Zac Masters from Changing Lanes Changing Lives joins Grafton Midday Rotary Club president Lee Taylor, Rotary member Brian Lane, and Clarence Nationals MP Chris Gulaptis
Grafton Midday Rotary Club has been granted more than $4,900 following a successful application under the NSW Nationals in the state government’s Community Road Safety Fund to help deliver its One Metre Matters for Cyclists initiative.
Clarence Nationals MP Chris Gulaptis said the funding from the Community Road Safety program directly supports practical grassroots road safety solutions in the local community.
“Grafton Midday Rotary Club has collaborated with local youth leaders behind the ‘Changing Lanes Changing Lives’ initiative to come up with an interactive bicycle safety display to educate road users on the minimum passing distance rule,” Mr Gulaptis said.
“They propose to deliver a series of displays and presentations on the laws of the minimum passing distance rule at the popular monthly local car meet in Grafton.
“Changing Lanes Changing Lives is a youth-driven community garage project in Grafton that uses cars as a vehicle to engage and mentor young people, and the Rotary Club support them at their meets by cooking a BBQ.
“Local people understand local problems and I think it’s terrific to see the local Rotary Club brainstorm community safety initiatives with young people and unite to come up with interactive tools such as this to improve driver behaviour.”
Grafton Midday Rotary Club president Lee Taylor – an active cyclist – said when the opportunity presented itself to include a bicycle safety component through the Community Road Safety Fund she jumped at the opportunity to join with the active local youth leaders who have a large captive audience.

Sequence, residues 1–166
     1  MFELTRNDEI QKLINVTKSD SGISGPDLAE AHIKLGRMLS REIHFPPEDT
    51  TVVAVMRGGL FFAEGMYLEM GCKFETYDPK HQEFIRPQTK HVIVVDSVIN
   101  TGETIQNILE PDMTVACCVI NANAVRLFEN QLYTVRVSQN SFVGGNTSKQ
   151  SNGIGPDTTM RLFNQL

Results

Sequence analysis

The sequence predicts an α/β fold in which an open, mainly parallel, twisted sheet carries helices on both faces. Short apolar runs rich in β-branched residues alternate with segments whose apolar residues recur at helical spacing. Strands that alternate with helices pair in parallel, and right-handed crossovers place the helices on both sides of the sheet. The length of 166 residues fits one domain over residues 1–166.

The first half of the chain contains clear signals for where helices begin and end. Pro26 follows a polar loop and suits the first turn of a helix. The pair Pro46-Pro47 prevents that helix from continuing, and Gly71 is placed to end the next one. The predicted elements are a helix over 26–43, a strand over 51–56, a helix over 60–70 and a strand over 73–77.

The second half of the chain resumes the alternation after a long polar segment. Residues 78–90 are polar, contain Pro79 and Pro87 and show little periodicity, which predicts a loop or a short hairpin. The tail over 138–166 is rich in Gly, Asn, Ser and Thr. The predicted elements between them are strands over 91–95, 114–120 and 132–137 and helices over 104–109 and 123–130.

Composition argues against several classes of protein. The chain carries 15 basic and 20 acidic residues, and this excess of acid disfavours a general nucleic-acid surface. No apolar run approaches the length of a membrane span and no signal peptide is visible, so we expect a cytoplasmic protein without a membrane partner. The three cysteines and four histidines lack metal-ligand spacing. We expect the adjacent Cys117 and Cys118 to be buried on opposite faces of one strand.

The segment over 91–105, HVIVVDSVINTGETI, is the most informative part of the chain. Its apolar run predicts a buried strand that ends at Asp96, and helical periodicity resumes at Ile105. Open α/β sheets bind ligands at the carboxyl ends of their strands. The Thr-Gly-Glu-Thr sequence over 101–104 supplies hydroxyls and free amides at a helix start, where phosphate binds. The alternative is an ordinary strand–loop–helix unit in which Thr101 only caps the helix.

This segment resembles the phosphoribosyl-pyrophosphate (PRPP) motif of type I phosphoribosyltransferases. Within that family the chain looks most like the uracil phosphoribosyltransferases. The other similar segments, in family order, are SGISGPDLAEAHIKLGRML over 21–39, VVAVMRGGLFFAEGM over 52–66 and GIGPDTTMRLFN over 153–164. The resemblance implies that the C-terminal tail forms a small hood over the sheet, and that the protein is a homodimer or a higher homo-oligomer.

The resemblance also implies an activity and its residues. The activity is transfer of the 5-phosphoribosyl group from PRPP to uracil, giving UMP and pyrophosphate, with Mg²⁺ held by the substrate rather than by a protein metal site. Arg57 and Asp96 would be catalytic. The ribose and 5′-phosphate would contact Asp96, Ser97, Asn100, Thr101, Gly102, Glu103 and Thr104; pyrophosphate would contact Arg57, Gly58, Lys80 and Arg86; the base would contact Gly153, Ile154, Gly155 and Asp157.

“I know first-hand how close vehicles try to pass one of the most vulnerable road users and the intention of this interactive display is to educate motorists and bicycle riders what the minimum distances are,” Ms Taylor said.
“Bicycle riders have the same rights and responsibilities as motorists and we both need to look out for each other’s safety. I am hopeful this initiative will make a real difference in road safety in our local community.”
From 2005 to 2021 173 bicycle riders were killed and 29,442 were seriously injured on NSW roads. Bicycle riders represent about 2.7% of NSW road deaths and 17% of serious injuries.
Under the Minimum Passing Distance road rule drivers must give bicycle riders:
- At least 1m of space when passing when the speed limit is 60km/h or less
- At least 1.5m when the speed limit is more than 60km/h
Nationals Minister for Regional Transport and Roads Sam Farraway said 11 local community groups in regional NSW received a share in $158,250 to help fund their proposed road safety initiatives.
“Every death on our roads is one too many, it’s more than a statistic. In the bush it is someone’s family member, it’s our friends, it’s someone from our community,” Mr Farraway said.
The Community Road Safety Grants Program has funded 210 projects since 2015.
The next round of Community Road Safety Grants will open during in August 2023.
More information about the program and a list of grant recipients can be found at: http://roadsafety.transport.nsw.gov.au/aboutthecentre/communitygrants/